P.O. Box 3000, Purcellville, VA 20134
|For Immediate Release||Contact: Jeremiah Lorrig|
|July 11, 2012||(540) 338-5600|
UN Treaty Threatens Families
Senate considers dangerous United Nations treaty undermining parental rights.
PURCELLVILLE, Va.—While a United States Senate committee considers a dangerous United Nations treaty, parental rights advocates are crying foul.
The UN Convention on the Rights of Persons with Disabilities (CRPD) was signed by President Obama in July of 2009, but it has not received the necessary two-thirds approval from the United States Senate for ratification. Recently, Obama has pushed the Senate to ratify the CRPD, and the treaty is now scheduled for its first official action in the Senate on Thursday.
Michael Farris, co-founder and chairman of the Home School Legal Defense Association (HSLDA), is scheduled to testify before the Senate Foreign Relations Committee and highlight the concerns of parents across the county.
“We all want to show our love and care for people with disabilities,” Farris said. “This treaty, however, is not the way to do it. This treaty will give United Nations and government agents, not parents, the authority to decide all educational and treatment issues for disabled children. All of the rights that parents have under both traditional American law, the Americans with Disabilities Act, and the Individuals with Disabilities Education Act will be undermined by this treaty.”
J. Michael Smith, president of HSLDA, agrees, “The question is, who should make critical decisions regarding the care and raising of children who have disabilities? Their parents or United Nations social workers?”
The CRPD, if ratified by the U.S. Senate, would transform the parent-child relationship by establishing a new legal standard for dealing with children with disabilities: the best interests of the child standard. The CRPD states in Article 7: “In all actions concerning children with disabilities, the best interests of the child shall be a primary consideration.”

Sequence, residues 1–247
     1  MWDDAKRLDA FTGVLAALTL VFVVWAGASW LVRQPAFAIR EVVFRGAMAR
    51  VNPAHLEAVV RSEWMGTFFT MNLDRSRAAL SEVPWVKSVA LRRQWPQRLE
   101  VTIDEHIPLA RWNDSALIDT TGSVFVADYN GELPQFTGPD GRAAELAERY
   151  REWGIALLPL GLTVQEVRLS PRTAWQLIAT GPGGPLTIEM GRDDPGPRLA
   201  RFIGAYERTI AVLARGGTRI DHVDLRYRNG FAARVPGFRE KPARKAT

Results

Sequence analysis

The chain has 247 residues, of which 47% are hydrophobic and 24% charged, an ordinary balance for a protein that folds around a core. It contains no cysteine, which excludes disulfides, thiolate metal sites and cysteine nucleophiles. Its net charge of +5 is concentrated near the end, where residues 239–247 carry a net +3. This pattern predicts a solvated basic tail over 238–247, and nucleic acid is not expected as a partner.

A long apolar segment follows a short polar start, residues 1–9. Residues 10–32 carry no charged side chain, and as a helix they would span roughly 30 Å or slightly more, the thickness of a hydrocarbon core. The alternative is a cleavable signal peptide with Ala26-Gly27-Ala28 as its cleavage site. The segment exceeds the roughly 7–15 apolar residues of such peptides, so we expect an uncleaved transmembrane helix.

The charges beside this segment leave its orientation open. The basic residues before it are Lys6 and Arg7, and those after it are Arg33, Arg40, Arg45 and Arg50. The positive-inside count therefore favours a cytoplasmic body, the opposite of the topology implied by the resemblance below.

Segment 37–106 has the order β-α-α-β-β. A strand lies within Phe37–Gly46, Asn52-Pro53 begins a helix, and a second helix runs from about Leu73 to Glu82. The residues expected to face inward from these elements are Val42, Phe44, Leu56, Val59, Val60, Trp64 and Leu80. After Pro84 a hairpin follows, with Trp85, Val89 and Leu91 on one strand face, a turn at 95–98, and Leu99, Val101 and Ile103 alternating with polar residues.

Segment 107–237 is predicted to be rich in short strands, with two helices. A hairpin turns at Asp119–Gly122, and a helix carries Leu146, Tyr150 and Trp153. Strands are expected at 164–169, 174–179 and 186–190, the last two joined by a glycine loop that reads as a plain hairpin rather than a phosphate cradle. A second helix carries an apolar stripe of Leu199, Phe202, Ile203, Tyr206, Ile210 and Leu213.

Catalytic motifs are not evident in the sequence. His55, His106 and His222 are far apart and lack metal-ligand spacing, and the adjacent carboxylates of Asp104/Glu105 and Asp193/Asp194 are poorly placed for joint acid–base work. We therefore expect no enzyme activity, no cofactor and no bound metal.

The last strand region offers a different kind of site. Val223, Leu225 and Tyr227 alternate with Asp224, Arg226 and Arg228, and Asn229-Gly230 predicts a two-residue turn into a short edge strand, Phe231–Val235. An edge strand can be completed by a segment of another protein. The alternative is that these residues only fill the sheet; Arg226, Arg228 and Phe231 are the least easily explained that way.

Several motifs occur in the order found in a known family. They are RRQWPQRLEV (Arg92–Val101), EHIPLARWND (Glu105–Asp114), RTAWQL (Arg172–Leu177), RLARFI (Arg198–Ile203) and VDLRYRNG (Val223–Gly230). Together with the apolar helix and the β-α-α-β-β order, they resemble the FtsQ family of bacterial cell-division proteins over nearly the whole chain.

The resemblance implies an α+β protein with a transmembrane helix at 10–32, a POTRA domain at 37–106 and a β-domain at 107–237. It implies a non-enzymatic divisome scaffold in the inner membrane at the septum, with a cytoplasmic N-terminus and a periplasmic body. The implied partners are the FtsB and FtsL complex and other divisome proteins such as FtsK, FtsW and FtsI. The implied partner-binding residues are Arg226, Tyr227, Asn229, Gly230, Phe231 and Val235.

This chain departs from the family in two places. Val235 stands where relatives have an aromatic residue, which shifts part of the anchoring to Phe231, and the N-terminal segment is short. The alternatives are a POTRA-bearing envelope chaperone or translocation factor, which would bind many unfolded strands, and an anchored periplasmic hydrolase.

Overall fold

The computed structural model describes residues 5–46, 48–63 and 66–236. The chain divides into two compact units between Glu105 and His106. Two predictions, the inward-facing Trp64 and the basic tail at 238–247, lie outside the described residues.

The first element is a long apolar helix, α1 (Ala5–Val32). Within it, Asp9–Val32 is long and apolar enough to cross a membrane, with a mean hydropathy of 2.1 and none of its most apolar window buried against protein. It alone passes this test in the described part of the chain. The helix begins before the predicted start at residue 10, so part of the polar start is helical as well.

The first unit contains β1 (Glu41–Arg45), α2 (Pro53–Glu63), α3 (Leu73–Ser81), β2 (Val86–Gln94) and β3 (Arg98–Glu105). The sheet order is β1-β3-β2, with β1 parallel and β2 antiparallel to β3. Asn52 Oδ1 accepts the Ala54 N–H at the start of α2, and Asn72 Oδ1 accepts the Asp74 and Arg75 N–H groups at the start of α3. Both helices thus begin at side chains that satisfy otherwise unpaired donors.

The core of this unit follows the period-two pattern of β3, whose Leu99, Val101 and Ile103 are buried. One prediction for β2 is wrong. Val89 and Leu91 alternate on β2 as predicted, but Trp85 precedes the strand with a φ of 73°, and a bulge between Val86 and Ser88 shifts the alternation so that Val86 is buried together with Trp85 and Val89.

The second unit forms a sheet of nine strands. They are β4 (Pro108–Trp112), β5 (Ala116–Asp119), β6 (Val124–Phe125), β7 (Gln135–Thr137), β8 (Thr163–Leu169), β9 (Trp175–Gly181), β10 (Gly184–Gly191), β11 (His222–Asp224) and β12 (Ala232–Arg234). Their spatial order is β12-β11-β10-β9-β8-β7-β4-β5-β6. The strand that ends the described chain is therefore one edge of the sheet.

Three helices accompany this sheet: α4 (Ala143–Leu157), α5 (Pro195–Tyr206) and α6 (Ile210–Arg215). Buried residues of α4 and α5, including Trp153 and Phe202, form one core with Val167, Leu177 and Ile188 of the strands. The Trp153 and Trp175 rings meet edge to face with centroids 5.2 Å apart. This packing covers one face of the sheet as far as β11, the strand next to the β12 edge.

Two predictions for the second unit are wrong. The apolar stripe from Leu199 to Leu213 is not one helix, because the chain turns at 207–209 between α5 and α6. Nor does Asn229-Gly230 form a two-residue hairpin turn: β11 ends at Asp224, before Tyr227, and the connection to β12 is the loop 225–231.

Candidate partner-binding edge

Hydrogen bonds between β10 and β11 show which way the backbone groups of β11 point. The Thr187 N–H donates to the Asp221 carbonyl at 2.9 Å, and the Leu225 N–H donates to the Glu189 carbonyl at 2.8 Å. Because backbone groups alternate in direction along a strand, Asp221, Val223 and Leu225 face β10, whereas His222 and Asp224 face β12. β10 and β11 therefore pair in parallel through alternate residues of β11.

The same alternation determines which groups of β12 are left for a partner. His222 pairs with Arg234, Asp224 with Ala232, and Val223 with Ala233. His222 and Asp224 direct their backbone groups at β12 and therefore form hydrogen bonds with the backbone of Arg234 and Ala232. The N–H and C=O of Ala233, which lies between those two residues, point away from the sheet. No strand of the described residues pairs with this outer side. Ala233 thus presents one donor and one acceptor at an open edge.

“Parental rights will be eviscerated by the mandatory application of the ‘best interest of the child’ standard,” said Farris. “If parents think that private education is best for their child, the CRPD gives the government the authority and the legal duty to override that judgment and keep the child in the government-approved program that the officials think is best for the child.”
“There is no need for the Senate to ratify the CRPD, as our nation’s state and federal laws already protect our precious loved ones with disabilities. It is outrageous that U.S. senators would support a treaty that surrenders U.S. sovereignty and family integrity to unelected U.N. bureaucrats.”
The U.S. Senate Committee on Foreign Relations is scheduled to hold a hearing on the U.N. Convention on the Rights of Persons with Disabilities on Thursday, July 12.
Home School Legal Defense Association is a nonprofit advocacy organization established to defend and advance the constitutional right of parents to direct the education of their children and to protect family freedoms. Visit us online at www.HSLDA.org and at www.GenerationJoshua.org